More information about leukodystrophy research supported by NINDS and other NIH Institutes and Centers may be found using NIH RePORTER, a searchable database of current and past research projects supported by NIH and other Federal agencies. RePORTER also includes links to publications and resources from these projects.
How can I or my loved one help improve care for people with leukodystrophy?
Consider participating in a clinical trial so clinicians and scientists can learn more about leukodystrophy. Clinical research uses human volunteers to help researchers learn more about a disorder and perhaps find better ways to safely detect, treat, or prevent disease.
All types of volunteers are needed—those who are healthy or may have an illness or disease—of all different ages, sexes, races, and ethnicities to ensure that study results apply to as many people as possible, and that treatments will be safe and effective for everyone who will use them.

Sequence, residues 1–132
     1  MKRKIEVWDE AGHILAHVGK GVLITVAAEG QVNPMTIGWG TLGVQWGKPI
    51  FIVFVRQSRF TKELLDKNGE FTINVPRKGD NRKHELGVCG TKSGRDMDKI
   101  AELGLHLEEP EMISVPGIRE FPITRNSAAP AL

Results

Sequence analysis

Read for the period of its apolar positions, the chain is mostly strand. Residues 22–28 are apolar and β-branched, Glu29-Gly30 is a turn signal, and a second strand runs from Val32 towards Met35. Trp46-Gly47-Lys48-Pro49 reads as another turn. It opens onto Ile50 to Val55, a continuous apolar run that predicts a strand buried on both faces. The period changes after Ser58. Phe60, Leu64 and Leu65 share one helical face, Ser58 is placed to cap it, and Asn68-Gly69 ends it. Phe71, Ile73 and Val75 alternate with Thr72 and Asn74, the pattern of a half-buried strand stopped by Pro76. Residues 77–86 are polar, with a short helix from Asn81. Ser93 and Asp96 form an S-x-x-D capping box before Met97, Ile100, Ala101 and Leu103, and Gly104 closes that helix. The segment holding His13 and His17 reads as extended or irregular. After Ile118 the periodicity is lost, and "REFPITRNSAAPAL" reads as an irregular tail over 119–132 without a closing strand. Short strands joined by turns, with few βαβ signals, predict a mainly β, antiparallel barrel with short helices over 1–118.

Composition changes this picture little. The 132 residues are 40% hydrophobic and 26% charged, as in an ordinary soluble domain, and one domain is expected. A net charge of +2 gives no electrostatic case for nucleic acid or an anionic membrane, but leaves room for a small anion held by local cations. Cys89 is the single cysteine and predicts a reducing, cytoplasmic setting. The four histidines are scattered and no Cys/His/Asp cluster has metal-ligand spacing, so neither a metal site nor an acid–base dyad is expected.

For information about participating in clinical research visit NIH Clinical Research Trials and You. Learn about clinical trials currently looking for people with leukodystrophy at Clinicaltrials.gov, a searchable database of federal and private clinical studies.
Where can I find more information about leukodystrophy?
The following organizations and resources help individuals, families, friends, and caregivers of people living with leukodystrophy:
MLD Foundation (Metachromatic Leukodystrophy)
Phone: 800-617-8387 or 503-656-4808
Phone: 800-869-3546 or 310-459-1071
National Organization for Rare Disorders (NORD)
Phone: 203-744-0100 or 800-999-6673
National Tay-Sachs and Allied Diseases Association
Pelizaeus-Merzbacher Disease Foundation
United Leukodystrophy Foundation
Phone: 815-748-3211 or 800-728-5483
Information about leukodystrophy is also available: